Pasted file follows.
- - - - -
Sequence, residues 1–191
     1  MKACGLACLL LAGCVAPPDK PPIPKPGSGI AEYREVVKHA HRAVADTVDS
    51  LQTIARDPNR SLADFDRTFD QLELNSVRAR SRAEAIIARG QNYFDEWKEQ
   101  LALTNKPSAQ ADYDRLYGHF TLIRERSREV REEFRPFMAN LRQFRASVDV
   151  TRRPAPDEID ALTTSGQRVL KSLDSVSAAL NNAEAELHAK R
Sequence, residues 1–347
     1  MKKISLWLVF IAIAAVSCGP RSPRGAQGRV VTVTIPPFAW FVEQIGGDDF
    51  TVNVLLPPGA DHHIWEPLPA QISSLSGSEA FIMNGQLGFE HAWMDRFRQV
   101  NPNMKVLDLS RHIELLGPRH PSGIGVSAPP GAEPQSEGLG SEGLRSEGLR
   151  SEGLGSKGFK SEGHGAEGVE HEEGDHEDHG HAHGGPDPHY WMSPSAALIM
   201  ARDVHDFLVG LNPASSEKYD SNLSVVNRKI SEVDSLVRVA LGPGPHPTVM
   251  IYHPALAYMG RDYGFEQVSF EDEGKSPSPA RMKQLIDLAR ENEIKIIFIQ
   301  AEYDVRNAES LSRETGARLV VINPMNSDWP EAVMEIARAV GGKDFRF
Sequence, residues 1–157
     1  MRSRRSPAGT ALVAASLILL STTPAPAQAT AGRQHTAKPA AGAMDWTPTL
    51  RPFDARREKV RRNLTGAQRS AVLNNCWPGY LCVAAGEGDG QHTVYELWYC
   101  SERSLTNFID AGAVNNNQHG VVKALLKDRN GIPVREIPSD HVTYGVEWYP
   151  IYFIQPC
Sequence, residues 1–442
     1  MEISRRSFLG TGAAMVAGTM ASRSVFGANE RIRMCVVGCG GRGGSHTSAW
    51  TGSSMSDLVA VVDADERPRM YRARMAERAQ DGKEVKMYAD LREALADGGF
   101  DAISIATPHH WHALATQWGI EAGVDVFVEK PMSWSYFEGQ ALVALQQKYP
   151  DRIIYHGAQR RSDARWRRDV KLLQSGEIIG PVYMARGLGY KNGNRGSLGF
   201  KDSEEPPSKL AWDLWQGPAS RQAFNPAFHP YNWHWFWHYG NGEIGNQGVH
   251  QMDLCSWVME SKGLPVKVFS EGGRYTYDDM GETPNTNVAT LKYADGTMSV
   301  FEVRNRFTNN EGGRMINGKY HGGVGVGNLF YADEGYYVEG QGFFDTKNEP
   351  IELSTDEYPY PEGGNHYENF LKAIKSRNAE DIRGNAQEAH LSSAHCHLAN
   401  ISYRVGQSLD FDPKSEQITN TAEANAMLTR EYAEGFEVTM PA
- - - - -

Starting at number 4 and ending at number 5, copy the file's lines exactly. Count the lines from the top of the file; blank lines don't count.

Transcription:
   101  LALTNKPSAQ ADYDRLYGHF TLIRERSREV REEFRPFMAN LRQFRASVDV
   151  TRRPAPDEID ALTTSGQRVL KSLDSVSAAL NNAEAELHAK R